Computer programs (also called computer control logic) are stored in main memory 705 and/or secondary memory 710. Computer programs may also be received via communications interface 724. Such computer programs, when executed, at least in part, enable the computer system 700 to implement the methods presented herein. In particular, the computer programs, when executed, at least in part, enable the processor 704 to implement the methods presented herein. These methods may be performed automatically, or may be invoked by some form of manual intervention. Accordingly, such computer programs represent controllers of the computer system 700. Where the methods are implemented using software, the software may be stored in a computer program product and loaded into computer system 700 using removable storage drive 714, hard drive 712 or communications interface 724. In implementation, the software and/or computer system 700 described may perform any one of, or any combination of, the steps of any of the methods presented herein.
 The invention is also directed to computer products (also called computer program products) comprising software stored on any computer useable medium. Such software, when executed, at least in part, in one or more data processing devices, causes the data processing device(s) to operate as described herein. Embodiments of the invention employ any computer useable or readable medium, known now or in the future. Examples of computer useable mediums include, but are not limited to, primary storage devices (e.g., any type of random access memory), secondary storage devices (e.g., hard drives, floppy disks, CD ROMS, ZIP disks, tapes, magnetic storage devices, optical storage devices, MEMS, nanotechnological storage device, etc.), and communication mediums (e.g., wired and wireless communications networks, local area networks, wide area networks, intranets, etc.). It is to be appreciated that the embodiments described herein can be implemented using software, hardware, firmware, or combinations thereof.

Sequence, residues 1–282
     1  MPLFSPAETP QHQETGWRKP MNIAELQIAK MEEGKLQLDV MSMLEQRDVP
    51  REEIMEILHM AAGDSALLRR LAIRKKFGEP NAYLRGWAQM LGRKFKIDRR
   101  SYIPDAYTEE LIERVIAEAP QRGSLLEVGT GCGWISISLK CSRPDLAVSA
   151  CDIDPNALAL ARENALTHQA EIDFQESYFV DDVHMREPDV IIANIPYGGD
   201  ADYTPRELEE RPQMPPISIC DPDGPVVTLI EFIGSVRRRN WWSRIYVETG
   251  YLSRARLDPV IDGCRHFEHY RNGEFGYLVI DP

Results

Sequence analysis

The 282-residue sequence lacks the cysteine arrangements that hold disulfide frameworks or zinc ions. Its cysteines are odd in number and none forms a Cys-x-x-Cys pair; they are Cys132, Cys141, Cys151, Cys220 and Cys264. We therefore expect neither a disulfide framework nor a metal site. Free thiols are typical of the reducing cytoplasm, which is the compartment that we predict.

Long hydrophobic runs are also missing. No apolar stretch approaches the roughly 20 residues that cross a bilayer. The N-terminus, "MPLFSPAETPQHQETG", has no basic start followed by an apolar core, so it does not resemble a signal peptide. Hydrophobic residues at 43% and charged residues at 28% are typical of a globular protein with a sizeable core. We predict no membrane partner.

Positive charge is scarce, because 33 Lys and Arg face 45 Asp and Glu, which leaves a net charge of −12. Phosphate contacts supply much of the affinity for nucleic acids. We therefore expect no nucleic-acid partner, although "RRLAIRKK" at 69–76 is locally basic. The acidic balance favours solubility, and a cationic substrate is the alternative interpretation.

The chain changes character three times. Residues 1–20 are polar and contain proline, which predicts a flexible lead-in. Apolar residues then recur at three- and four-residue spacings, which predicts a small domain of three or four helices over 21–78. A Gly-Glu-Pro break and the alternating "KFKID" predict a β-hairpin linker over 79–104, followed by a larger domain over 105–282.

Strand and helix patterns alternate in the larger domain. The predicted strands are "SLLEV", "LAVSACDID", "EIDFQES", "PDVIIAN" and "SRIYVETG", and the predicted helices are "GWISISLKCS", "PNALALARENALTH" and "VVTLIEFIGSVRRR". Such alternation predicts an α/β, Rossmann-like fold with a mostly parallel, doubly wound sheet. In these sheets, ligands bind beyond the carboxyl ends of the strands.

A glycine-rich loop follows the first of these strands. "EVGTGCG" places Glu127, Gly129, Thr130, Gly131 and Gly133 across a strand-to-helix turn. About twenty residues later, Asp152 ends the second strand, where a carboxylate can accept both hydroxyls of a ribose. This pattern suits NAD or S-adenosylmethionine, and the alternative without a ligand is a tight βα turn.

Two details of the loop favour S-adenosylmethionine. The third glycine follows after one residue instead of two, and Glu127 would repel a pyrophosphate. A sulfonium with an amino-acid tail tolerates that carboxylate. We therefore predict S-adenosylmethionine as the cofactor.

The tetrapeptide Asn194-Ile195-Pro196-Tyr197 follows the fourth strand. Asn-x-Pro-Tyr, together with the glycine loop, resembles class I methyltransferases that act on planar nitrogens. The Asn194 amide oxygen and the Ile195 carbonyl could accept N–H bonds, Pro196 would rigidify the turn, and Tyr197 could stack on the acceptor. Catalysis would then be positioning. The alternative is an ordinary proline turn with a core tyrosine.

While various embodiments of the presented method have been described, it should be understood that they have been presented by way of example, and not limitation. It will be apparent to a person skilled in the relevant art that various alternatives may be incorporated within the presented method without departing from the spirit and scope of the invention. Thus the present invention should not be limited by any of the above-described exemplary embodiments.
Patent applications by Adam Clifford, Chicago, IL US
Patent applications by Andrew W. Carter, Chicago, IL US
Patent applications by James E. Malackowski, Chicago, IL US
Patent applications by Michael Lasinski, Ann Arbor, MI US
Patent applications by Michael O. Hill, Chicago, IL US
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Patent applications by Ocean Tomo, LLC
Patent applications in class Insurance (e.g., computer implemented system or method for writing insurance policy, processing insurance claim, etc.)
Patent applications in all subclasses Insurance (e.g., computer implemented system or method for writing insurance policy, processing insurance claim, etc.)